Feeds:
Posts
Comments

Posts Tagged ‘being American’

I was in the US recently taking on some new work. Two things really struck me about being back in the US. The first was ERMAHGAWD, WINTER. Apparently I forgot what that felt like. The second thing was how the political atmosphere had changed. Marriage equality, healthcare, guns. It’s all happening. I submit this picture I took while entering the office as evidence.

Dear America, don't bring your guns to work

Dear America, don’t bring your guns to work

So strange to see these signs around, and even stranger that other people didn’t think they were strange. Or maybe 3+ years abroad has made me the strange one. Now there’s a philosophical question for you.

Advertisements

Read Full Post »

“Your suspenders look really cute with your pants!” means something totally different in America than in England.

Take care when uttering this phrase to a coworker.

 

Read Full Post »

Photo not mine.

I have two modes when it comes to making it to the airport for a flight. I am either extremely early or barely make it. The other weekend I happened to be extremely early.

Husband and I went to our usual Gatwick pub for a pre-flight beverage and sub-standard reheated frozen snack. I approached the counter and made my order. The bartender squinted. “Um, can I see some I.D?”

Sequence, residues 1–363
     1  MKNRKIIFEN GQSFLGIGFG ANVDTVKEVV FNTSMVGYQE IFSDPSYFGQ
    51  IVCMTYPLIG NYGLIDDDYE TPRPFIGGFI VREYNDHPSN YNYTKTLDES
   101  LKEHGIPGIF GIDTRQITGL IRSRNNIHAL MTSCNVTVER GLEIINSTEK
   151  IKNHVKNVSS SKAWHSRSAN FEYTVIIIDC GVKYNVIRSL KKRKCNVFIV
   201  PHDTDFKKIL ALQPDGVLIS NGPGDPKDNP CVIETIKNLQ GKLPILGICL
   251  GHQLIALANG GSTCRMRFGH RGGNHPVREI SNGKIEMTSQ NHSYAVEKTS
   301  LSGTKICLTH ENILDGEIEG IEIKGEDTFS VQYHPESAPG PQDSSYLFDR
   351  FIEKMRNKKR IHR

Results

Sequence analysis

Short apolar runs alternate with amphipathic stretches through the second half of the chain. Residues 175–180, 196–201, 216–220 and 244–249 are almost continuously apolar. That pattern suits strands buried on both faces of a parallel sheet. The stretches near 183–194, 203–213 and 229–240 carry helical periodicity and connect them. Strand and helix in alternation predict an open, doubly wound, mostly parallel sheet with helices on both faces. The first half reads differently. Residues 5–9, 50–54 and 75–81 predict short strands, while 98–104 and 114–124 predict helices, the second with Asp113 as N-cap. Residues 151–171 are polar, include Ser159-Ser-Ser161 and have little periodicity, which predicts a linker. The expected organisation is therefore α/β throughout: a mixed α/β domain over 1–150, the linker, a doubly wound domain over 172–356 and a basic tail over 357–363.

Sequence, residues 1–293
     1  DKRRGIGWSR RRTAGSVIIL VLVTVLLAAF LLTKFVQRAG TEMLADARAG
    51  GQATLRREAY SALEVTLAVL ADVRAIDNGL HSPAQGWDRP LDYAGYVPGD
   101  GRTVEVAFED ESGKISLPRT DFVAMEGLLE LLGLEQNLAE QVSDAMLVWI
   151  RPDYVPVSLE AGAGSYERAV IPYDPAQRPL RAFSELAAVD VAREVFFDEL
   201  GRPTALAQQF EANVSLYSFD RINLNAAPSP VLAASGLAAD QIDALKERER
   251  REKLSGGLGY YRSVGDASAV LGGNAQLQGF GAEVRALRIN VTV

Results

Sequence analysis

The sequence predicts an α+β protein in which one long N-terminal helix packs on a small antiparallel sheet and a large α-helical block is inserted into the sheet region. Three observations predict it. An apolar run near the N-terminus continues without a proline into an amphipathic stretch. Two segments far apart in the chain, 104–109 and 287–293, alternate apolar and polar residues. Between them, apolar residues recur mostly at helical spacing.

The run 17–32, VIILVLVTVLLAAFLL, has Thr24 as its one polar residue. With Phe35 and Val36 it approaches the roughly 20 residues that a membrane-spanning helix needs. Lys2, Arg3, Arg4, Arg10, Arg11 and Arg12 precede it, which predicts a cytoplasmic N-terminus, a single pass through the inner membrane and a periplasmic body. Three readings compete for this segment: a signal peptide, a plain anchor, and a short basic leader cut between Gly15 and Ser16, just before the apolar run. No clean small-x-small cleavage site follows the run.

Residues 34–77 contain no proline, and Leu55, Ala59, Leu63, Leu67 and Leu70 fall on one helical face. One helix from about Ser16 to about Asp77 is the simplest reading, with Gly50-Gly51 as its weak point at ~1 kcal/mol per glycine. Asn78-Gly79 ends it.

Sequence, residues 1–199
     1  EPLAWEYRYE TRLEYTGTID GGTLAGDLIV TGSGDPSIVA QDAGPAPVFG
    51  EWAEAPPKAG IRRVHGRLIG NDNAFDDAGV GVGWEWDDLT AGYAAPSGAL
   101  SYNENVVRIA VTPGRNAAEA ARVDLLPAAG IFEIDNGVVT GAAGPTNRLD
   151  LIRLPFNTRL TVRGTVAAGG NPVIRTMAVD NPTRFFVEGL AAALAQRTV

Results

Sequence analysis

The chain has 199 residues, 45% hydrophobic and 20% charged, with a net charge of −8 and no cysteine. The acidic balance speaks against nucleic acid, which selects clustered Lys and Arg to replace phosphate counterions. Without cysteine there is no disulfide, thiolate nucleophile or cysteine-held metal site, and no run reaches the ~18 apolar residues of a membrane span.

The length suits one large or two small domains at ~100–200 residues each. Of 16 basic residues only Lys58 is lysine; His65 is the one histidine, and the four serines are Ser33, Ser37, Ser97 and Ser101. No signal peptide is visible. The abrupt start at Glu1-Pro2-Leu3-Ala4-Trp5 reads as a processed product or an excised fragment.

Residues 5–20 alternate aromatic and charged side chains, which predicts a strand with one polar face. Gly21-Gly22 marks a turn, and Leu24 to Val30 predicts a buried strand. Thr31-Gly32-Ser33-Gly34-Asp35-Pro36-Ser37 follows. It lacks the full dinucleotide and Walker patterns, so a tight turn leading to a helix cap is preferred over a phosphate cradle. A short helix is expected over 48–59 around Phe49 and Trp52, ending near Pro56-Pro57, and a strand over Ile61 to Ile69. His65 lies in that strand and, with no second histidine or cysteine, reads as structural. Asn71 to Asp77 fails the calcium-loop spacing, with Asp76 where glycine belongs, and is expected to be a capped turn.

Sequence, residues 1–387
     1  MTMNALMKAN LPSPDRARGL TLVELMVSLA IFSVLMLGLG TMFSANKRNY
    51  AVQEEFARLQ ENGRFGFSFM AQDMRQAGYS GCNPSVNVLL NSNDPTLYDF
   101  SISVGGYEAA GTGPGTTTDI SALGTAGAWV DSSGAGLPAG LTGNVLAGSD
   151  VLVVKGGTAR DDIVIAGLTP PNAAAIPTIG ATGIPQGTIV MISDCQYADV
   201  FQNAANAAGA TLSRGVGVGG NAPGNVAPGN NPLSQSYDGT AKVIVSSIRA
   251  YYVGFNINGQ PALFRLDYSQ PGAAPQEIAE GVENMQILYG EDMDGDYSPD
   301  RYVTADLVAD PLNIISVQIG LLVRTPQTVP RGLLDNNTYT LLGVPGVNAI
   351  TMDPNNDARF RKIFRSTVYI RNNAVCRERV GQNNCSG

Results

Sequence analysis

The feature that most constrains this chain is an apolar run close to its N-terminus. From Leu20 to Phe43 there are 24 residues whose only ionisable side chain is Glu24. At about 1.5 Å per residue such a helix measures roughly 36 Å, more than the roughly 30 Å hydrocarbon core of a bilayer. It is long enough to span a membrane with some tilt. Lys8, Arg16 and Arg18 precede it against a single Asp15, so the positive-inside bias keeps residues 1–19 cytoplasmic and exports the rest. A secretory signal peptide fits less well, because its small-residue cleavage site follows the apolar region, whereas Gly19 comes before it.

The legal drinking age in the UK is 18. I am no longer anywhere near 18. I call bullshit on anyone who wants to tell me I look younger than 18. Nonetheless, I’ll take this as a compliment. I know bartenders in the UK are trained to I.D. anyone who doesn’t look 25. I like to believe that I can pass for 25.

I go to retrieve my passport and make it back to the counter. “Ah, American” he says when he sees it. “You know, I love some American accents. Some of them are really nice. Yours is really nice.”

“Thank you,” I reply. This is a nice surprise. I usually get told that American accents sound like a British person with a mouth full of bubble gum.

He feels the need to go on. He’s compensating with friendliness for having asked for I.D. “Some of them are really bad. Like Texas accents. I hate Texas accents. They are awful.”

I thank him again as I grab my beer.

“Where in the U.S. are you from?” he asks.

“I’m from Texas,” I reply as I prepare to walk away.

His face goes blank and he lets out a stutter.

Awkward.

Read Full Post »